The Strange Case of Dr. Arlen Jekyll and Mr. Arlen Hyde

It was a dark and stormy night. (Not really, but work with me here.) Dr. Arlen Jekyll was slaving away in his office, bound and determined to be as great a defender of the United States Constitution as his nemesis from Wisconsin.

“I will question the phone companies on data mining,” Dr. Arlen said. “I will get to the bottom of the NSA’s warrantless surveillance.

“And I will not allow that blasted Feingold to be a greater defender of the Constitution than I.”

A once-highly-respected Senator, Dr. Arlen had fallen on hard times. His behavior had become increasingly erratic starting around mid-December, 2005, as if he was, in fact, two different people. First, he would call surveillance without a judge’s approval “inappropriate,” only to introduce legislation soon thereafter to allow the program. In fact, whispers in the community in recent weeks were that Dr. Arlen would introduce a bill to “reaffirm” the Foreign Intelligence Surveillance Act as “the exclusive means by which our government can conduct electronic surveillance of U.S. persons on U.S. soil for foreign intelligence purposes.”

No one could predict which Arlen would show up each day to work.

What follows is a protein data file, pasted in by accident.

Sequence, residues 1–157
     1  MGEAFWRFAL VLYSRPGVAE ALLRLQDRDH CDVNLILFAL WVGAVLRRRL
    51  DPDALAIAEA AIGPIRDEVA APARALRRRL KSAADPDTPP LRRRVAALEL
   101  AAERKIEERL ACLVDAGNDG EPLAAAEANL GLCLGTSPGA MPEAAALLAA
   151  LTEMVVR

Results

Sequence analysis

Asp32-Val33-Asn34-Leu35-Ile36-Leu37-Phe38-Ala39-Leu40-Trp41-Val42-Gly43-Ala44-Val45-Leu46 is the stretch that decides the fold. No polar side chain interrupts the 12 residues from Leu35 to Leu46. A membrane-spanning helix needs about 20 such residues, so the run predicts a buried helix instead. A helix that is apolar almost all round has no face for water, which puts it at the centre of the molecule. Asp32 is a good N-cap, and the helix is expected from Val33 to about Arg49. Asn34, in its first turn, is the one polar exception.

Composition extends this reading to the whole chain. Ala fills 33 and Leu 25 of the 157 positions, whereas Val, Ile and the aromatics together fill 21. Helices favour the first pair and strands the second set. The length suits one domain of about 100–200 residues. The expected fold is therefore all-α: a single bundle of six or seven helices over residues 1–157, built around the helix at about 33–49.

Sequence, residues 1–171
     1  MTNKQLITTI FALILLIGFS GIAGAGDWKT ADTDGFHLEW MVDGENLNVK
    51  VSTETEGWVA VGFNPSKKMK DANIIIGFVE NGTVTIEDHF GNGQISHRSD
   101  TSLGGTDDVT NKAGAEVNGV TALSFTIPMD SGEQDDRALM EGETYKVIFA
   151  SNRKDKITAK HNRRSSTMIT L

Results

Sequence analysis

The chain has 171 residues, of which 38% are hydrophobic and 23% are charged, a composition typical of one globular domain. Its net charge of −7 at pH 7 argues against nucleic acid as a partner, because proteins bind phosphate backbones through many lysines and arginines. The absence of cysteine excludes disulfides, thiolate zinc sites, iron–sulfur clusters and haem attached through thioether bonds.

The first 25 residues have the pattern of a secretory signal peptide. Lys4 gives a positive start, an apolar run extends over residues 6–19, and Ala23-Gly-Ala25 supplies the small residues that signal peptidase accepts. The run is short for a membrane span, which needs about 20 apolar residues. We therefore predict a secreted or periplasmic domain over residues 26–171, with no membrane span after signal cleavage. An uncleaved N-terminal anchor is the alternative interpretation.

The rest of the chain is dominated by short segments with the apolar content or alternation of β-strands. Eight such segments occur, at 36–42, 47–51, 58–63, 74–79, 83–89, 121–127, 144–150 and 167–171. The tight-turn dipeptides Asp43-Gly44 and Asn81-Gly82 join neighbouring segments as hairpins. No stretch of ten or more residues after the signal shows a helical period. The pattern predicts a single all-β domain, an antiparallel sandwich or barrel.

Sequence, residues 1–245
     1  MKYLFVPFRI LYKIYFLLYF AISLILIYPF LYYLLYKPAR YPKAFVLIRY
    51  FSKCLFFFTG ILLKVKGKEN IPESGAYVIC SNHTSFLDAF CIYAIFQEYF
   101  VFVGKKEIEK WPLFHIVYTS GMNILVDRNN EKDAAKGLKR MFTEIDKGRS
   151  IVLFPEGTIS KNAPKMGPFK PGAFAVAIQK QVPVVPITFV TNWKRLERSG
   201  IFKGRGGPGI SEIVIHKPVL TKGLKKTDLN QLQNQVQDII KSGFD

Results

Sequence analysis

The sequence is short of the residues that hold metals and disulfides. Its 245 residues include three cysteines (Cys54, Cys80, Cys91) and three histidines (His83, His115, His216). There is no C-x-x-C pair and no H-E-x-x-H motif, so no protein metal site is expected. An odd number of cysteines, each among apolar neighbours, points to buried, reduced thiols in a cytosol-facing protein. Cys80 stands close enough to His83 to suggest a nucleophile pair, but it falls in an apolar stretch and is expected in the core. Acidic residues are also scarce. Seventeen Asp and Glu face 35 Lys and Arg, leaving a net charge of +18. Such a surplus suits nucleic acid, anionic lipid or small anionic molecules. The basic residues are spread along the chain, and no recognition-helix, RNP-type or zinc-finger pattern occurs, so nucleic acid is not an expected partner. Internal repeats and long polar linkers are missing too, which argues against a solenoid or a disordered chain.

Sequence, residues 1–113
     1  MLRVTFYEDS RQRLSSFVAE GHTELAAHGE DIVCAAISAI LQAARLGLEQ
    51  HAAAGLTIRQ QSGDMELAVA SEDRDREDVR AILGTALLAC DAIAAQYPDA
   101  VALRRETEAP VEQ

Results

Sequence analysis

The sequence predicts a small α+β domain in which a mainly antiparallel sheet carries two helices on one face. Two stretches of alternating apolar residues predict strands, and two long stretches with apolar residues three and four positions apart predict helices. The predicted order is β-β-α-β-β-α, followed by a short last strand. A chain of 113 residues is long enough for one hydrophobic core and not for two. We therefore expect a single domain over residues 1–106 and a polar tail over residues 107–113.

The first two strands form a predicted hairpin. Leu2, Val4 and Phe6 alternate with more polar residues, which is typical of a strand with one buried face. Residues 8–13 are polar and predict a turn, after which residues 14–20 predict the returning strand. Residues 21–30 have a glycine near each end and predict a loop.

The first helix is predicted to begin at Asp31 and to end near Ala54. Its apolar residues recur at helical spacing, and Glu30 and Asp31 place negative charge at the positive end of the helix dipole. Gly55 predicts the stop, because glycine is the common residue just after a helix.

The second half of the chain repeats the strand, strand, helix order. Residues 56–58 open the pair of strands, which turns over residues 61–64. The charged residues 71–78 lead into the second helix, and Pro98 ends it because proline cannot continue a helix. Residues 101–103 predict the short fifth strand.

Suddenly, a scream pierced the night.

“Ann Coulter again,” Dr. Arlen muttered to himself.

Then Dr. Arlen was startled by a loud rap at the door. A most unfortunate late night visitor had arrived, the Ghost of Chairman Past, known to his friends as “Orrin.”

“Arlen,” the ghost pronounced with a wave of his hand, “you will not subpoena the phone company executives.”

“No!” Dr. Arlen shouted. “Leave me alone! Can’t you see I’m trying to out-defend Feingold?” With that, Dr. Arlen fell to the floor, clutching his head, screaming in pain.

“Arlen,” the ghost commanded again, “leave the phone companies alone. And forget about FISA. It’s old law. Carter was president then.”

As he looked up, it was clear that the transformation was complete. Dr. Arlen Jekyll had become Mr. Arlen Hyde, a grotesque version of the good doctor, twisted and mangled. “Yes,” Mr. Arlen replied. “I will do your bidding. I will not question the phone companies.”

Neighbors and friends were left to wonder, “Who is Arlen?”

Andy in Harrisburg